So, my advice to you guys that are thinking about becoming a SAHD, don’t do it! UNLESS, you are super alpha about how it’s going to work and the fact that you are going back to work as soon as you can. If you can both work, daycare is not that tough on kids, especially if you can afford to put your kids in a high quality day care. Those women (I don’t think there was one guy that worked at our daycare center) did a much better job of entertaining those kids than I did. It’s in their DNA! Staying at home also puts you in the backseat and you end up DLV to your wife who brings home the money.

The flip side to all this is the the SAHM thing that Athol talks about. First, as a SAHD most SAHM do not want anything to do with you as a person. They think you are a freak show, believe me it’s much harder as a SAHD because you are an outcast. SAHM do not, unless they are trying to get you in the sack, want anything to do with you. They give you funny looks and I can see what they are thinking “Why is here at Target on a Tuesday morning at 9am picking up diapers with the kids?!?? What a loser!”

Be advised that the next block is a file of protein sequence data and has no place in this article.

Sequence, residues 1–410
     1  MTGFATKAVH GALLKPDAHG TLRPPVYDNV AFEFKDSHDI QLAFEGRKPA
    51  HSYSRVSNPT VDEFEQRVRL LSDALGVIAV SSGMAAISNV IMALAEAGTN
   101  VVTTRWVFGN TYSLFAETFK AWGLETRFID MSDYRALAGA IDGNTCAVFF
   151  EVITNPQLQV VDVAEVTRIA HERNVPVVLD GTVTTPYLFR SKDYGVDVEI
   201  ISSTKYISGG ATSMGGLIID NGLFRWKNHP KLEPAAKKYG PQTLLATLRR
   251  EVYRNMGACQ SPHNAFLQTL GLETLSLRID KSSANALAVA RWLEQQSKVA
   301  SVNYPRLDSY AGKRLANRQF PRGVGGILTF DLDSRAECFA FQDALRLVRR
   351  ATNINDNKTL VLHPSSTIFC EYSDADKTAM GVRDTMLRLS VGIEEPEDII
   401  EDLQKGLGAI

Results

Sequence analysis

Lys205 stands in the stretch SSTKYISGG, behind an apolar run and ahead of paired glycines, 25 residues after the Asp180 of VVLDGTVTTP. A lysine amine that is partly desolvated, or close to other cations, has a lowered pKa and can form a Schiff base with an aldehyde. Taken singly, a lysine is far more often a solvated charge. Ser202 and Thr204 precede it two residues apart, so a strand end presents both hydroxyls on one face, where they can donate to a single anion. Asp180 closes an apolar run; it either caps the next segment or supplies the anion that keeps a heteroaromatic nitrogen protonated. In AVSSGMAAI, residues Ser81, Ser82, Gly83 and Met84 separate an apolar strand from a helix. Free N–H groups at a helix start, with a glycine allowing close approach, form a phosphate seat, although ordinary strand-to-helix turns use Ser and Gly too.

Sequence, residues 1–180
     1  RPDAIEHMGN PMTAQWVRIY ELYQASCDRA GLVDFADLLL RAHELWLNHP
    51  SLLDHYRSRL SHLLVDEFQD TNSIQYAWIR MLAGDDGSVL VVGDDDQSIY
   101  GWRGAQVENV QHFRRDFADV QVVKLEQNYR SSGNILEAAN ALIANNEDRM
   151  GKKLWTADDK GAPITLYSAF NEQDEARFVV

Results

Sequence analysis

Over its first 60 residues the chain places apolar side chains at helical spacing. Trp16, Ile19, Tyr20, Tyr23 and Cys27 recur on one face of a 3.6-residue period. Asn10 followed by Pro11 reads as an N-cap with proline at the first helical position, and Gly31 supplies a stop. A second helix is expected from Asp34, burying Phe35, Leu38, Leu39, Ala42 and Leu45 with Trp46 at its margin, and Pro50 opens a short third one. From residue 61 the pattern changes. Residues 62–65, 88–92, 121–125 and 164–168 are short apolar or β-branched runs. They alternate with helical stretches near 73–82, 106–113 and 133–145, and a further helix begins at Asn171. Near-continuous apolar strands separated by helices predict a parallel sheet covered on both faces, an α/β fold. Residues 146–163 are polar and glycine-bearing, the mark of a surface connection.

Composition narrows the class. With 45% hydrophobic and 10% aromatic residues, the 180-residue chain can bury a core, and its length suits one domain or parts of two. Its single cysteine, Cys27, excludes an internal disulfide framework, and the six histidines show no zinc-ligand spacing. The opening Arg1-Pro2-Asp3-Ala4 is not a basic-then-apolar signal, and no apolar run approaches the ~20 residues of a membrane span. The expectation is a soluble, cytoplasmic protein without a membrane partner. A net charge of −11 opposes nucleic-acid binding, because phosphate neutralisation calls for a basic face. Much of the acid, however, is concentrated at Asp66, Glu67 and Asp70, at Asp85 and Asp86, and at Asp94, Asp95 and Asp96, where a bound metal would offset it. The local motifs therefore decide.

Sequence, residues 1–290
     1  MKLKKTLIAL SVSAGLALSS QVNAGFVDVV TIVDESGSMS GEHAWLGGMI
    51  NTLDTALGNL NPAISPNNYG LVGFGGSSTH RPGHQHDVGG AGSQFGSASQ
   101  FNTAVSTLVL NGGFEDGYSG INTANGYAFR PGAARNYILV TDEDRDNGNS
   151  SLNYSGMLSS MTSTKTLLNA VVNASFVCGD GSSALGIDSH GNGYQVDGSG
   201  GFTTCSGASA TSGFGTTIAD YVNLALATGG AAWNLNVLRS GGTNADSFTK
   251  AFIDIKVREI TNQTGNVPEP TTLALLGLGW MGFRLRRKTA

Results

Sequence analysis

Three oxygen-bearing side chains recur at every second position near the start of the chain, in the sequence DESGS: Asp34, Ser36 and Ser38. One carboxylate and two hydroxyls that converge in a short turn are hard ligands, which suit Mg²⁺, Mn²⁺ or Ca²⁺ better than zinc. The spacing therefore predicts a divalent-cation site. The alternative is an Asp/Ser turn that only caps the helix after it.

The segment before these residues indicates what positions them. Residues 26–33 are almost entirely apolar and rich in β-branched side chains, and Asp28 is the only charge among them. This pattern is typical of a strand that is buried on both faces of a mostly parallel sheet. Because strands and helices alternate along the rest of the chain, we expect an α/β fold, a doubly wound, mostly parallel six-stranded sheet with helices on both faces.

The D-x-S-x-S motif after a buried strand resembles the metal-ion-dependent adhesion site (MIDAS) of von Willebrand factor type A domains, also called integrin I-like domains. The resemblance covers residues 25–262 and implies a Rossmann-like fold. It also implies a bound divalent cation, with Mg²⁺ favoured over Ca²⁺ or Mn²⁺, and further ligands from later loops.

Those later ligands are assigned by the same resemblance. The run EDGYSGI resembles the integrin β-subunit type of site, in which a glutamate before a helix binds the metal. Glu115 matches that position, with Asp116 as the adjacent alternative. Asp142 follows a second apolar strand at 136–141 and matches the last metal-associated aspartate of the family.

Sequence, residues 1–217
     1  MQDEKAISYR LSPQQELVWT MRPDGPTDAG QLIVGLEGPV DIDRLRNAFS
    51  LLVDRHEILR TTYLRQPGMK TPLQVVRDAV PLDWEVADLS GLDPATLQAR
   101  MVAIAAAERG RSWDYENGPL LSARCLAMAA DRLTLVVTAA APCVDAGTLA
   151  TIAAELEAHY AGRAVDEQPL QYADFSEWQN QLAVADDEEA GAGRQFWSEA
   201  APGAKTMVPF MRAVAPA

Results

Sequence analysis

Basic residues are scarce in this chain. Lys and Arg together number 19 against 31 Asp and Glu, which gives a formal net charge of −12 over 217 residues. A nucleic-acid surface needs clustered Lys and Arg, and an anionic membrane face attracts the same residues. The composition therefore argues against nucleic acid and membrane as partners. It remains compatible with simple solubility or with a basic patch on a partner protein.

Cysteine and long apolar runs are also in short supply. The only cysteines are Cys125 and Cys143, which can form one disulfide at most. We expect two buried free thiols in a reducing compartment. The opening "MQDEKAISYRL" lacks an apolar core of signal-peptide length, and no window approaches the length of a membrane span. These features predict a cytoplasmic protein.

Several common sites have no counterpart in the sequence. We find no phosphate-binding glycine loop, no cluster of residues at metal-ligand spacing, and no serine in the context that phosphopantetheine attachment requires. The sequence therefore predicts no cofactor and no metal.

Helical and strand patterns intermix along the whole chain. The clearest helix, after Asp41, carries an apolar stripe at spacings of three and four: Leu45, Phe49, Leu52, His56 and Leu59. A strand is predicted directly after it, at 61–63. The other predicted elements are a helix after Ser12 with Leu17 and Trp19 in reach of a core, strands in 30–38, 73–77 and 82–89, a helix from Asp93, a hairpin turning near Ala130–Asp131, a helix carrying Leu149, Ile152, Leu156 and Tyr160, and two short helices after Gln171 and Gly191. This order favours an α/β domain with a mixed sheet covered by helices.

Anyway, my thoughts on SAHM since I did rub shoulders with quite a few of them over the years. There are two types. Those that basically check out and throw away any career they might have and those that believe that once they get through the pre-school days they are back to work. I would say that the ratio was something like 90% checked out with no clue what their plans are and 10% with a mission. I am generalizing here, but the ones that check out generally just lose it. They put on weight, they forget how to dress, they can’t carry on an intelligent conversation anymore and many of them are college educated in my neighborhood. Many of the SAHM I know get their kids into elementary school and start looking around trying to figure out what to do with themselves. Ha! The PTA! My god our PTA is crazy!

A good friend of mine is a SAHM. I’ve known her for 17 years. She is college educated. She has a 10 year old boy. Her husband works and travels like crazy. I love her dearly, but she is lazy! When I first met her she was pretty darn cute, but these days she is super frumpy. I wouldn’t be surprised if her husband (Super Alpha, marathon running, executive type) has multiple affairs going. I feel sorry she is so blue pill sometimes I just want to shake her!